With Stoptober smoking cessation campaign starting in October, it is timely to turn our attention to cervical cancer and smoking. In recent months, reduction in cervical cancer incidents has focussed on Human Pappillomavirus and the association between the disease and smoking has become relatively less well known. (1).
A recent study that explored questions of who attends follow-up cervical cytology tests among women with low-grade abnormal cytology has highlighted concerns with smoking behaviour(2). The Trial of Management of Borderline and Other Low-grade Abnormal smears (TOMBOLA) trial found that current smokers were 75% more likely to attend late for the first surveillance. In addition, current smokers under the age of 45 were welmost twice as likely not to attend for follow up.
The authors of these findings raise the possibility that smokers may be put off attending a follow-up cytology at their general practice because of the concern that the visit may lead to (unwanted) discussions of their smoking habits. However, the other side of the coin is that the absence of not talking about smoking habit in this setting may lead smokers think that no comment means no health issues, i.e., clean bill of health. How the discussion of smoking habits and advice to stop smoking occurs in a health care setting is of tremendous importance as unsought advice can have implications for the patient-GP relationship, trust and future help seeking for preventive purposes.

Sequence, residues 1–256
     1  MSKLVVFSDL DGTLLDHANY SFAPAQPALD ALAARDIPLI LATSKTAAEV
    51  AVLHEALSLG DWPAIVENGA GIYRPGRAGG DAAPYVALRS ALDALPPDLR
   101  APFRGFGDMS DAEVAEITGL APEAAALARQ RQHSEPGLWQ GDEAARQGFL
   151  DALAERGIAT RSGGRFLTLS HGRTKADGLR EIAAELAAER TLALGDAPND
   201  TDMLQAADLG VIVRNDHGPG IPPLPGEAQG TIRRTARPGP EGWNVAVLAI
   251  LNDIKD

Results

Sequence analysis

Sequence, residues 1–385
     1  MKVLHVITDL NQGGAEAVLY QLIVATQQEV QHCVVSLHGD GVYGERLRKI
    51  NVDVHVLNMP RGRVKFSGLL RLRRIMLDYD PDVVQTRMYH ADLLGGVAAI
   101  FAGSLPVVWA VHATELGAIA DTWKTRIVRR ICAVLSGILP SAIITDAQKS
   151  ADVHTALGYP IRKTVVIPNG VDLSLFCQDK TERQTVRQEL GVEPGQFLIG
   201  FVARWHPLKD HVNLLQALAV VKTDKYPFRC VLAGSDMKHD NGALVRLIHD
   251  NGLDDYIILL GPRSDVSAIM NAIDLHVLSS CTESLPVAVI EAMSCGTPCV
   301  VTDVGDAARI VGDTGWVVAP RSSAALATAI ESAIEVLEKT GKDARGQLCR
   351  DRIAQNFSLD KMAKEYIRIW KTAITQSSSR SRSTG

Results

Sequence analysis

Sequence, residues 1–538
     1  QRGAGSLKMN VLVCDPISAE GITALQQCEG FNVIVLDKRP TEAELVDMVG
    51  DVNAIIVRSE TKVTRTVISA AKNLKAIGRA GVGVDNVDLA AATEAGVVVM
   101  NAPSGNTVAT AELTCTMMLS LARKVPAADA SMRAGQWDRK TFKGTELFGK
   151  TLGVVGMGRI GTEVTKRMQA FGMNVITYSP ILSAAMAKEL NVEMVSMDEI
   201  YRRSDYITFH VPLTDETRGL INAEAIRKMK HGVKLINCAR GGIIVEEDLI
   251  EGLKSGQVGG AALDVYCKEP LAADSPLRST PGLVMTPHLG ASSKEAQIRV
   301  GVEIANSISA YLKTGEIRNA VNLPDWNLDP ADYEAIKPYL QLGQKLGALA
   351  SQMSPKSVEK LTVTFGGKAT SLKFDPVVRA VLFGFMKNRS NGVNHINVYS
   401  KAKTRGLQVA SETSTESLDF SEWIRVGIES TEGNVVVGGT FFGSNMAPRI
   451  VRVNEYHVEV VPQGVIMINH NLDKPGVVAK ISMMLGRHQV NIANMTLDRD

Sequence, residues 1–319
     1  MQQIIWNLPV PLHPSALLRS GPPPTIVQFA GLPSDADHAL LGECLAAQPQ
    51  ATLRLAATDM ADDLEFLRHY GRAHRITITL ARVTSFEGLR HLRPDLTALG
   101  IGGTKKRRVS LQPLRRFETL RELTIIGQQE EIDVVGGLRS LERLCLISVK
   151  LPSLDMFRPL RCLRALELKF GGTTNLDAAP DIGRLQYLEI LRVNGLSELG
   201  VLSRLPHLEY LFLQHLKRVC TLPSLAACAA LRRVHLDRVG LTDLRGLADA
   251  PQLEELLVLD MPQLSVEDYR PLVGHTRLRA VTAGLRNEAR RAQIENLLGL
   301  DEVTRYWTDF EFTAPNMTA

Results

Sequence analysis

It is important that we help women who smoke achieve a ‘coherent’ model of cervical health that includes the link between smoking and cervical cancer. However, to achieve that there is a need to remove barriers to attending follow-up cancer prevention appointments by approaching the smoking habit in a way that is not going to induce guilt, shame, and blame. How we do that in a health care setting requires rigorous empirical testing.
Dr Gozde Ozakinci, PhD, Lecturer in Health Psychology, University of St Andrews
1. Marteau TM, Hankins M, Collins B. Perceptions of risk of cervical cancer and attitudes towards cervical screening: A comparison of smokers and non-smokers. Family Practice. 2002;19(1):18-22.
2. Sharp L, Cotton S, Thornton A, Gray N, Whynes D, Smart L, et al. Which women default from follow-up cervical cytology tests? A cohort study within the TOMBOLA trial. Cytopathology. 2012 Jun;23(3):150-60.